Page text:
Running $\text{\bifEC}$ requires only one input file, that is the input PDB file. Note that $\text{\bifEC}$ works with water molecules that are loaded by default: removing them is done using the options –no-water . The following command runs $\text{\bifEC}$ over the immunoglobulin-antigen complex 1vfb :

sbl-bif-chainsW-atomic.exe -f data/1vfb.pdb --directory results --verbose --output-prefix --log
The main option of the program $\text{\bifEC}$ is:
-f string: PDB file of the input molecule

Note that a default radius of $1.4 \AA$ is added to all atoms to define the Solvent Accessible Model of the input molecule.

File Name


1vfb pdb file

Immunoglobulin-antigen complex

Input files for the run described in section Input: Specifications and file types .

Output: geometric interfaces

PreviewFile Name


General: log file

Log file

Log file containing high level information on the run of $\text{\bifEC}$

Module BIF: binary interfaces graph

Interfaces Graph xml file

XML archive containing the serialized binary interfaces graph

Click it Interfaces Graph dot file

dot file for visualizing the binary interfaces graph using Graphviz

Output files for the runs described in section Input: Specifications and file types, classified by modules – see Fig. fig-bif-workflow .

For visualizing the Interfaces Graph, we recommend you to install Graphviz (see the Graphviz web site), and using the circo software for drawing the graph from a .dot file. Note that there are other software from the Graphviz library for drawing the graphs with different embedding.

Binary Interfaces Graph of the signalosome (4D10-COP9).

(left) The complex contains 16 chains (right) the binary interfaces graph where interfaces with less than 15 atoms were removed.

Output: biochemical annotations

The command $\text{\bifEC}$ also calls the functionalities from the package Tertiary_quaternary_structure_annotator, so as to report a number of specific interactions between regions in a structure or complex, such as:

  • salt bridges,
  • disulfide bonds,
  • other covalent interactions.

Figure fig-1igt-example illustrates the result of the following calculation on a complete antibody, so as to illustrate the disulfide bonds found between the four chains. For a more complex example involving the decomposition of a chain into regions called units, the user is referred to the package Tertiary_quaternary_structure_annotator .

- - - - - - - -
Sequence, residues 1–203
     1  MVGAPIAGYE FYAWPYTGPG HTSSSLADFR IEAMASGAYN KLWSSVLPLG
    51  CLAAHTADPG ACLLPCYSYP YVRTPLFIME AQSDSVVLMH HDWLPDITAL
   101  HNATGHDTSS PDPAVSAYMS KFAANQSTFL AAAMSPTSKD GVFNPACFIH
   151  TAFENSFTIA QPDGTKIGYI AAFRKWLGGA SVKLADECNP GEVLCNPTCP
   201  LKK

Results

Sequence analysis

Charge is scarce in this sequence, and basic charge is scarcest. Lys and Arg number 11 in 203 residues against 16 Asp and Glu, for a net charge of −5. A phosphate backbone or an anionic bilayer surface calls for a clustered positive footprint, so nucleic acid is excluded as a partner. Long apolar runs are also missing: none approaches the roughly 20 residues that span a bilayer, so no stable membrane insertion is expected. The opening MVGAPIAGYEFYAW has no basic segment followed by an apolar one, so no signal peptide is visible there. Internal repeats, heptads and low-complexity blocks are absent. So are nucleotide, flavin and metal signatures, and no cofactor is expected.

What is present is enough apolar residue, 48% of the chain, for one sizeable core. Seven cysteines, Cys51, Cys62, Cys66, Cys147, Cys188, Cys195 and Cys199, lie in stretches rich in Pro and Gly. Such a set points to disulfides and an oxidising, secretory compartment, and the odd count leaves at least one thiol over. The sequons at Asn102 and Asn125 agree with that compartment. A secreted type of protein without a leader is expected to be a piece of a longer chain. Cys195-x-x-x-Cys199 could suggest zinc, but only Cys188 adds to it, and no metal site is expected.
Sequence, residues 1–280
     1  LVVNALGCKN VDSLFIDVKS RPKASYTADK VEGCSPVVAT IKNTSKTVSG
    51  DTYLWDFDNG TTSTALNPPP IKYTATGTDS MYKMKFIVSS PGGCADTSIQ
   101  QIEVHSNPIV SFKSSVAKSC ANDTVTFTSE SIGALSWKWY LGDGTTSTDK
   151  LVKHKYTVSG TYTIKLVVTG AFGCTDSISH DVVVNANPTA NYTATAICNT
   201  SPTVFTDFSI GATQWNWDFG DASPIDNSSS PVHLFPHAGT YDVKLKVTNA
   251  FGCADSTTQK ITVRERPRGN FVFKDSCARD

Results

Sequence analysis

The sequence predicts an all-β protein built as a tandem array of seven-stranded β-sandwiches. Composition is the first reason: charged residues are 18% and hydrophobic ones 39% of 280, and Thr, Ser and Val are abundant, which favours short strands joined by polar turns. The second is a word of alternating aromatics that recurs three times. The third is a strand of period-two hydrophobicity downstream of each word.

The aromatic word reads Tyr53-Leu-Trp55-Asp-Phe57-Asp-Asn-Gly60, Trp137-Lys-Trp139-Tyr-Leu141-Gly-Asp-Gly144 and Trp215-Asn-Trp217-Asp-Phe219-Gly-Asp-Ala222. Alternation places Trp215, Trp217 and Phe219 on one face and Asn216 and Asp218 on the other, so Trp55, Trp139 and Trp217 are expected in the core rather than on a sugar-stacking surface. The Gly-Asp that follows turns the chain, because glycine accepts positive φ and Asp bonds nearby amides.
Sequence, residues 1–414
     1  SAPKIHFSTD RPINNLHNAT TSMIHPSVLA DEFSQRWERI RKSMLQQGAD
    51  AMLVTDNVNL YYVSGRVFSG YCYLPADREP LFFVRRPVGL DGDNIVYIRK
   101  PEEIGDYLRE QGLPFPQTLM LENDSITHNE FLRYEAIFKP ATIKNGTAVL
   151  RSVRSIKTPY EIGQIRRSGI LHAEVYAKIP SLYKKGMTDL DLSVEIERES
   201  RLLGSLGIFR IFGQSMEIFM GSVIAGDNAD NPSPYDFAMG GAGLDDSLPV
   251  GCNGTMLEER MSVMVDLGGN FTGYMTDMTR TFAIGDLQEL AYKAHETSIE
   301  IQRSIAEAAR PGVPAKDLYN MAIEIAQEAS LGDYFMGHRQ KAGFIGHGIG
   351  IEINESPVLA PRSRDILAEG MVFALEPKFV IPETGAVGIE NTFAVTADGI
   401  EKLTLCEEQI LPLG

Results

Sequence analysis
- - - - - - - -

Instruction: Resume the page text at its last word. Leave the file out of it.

sbl-bif-chainsW-atomic.exe -f data/1igt.pdb --directory results --verbose -p 1 --internal 

Biochemical annotations for a complete immunoglobulin (PDB:1igt).

(left) The structure involves four chains. Note in particular the 3 disulfides bonds connecting the two heavy chains (right) The graph produced, with edges counting disulfide bonds and salt bridges. Note that there is a total of 17 / 17 S-S bonds and 18 salt bridges.

Using BIF: analysis between units of a molecule

This section presents the program $\text{\bifED}$, which deals with the case where one unit refers to a set of residues in a protein.


For the program $\text{\bifED}$, the labels are defined from the class SBL::Models::Domain_label_traits, which allows a user to specify his own labels. These labels typically define domains within a protein.

Using the specification file, one can define a template dissecting a chain into domains–or other segments, resulting in one primitive label for each segment. This template can be used for several chains, resulting in a hierarchy of labels for each chain.

An example of such template file is found in Table table-bif-domains-input-files. See also the class SBL::Models::Domain_label_traits of the concept MolecularSystemLabelsTraits for the detailed specification of such labels.

If one defines an incomplete template that is attributed to a chain, i.e there are atoms of this chain that are not included in any domain defined by the template, the atoms are attributed to the chain. This may lead to uncontrolled behaviors: an extra virtual domain representing all the remaining atoms of a chain should always be defined.

Input: Specifications and file types

Running $\text{\bifED}$ requires two input files: the input PDB file, and the labels specification file. The following command runs $\text{\bifED}$ over the homotrimer secret-C_elegans-EFF-1, dividing its three chains onto their domains: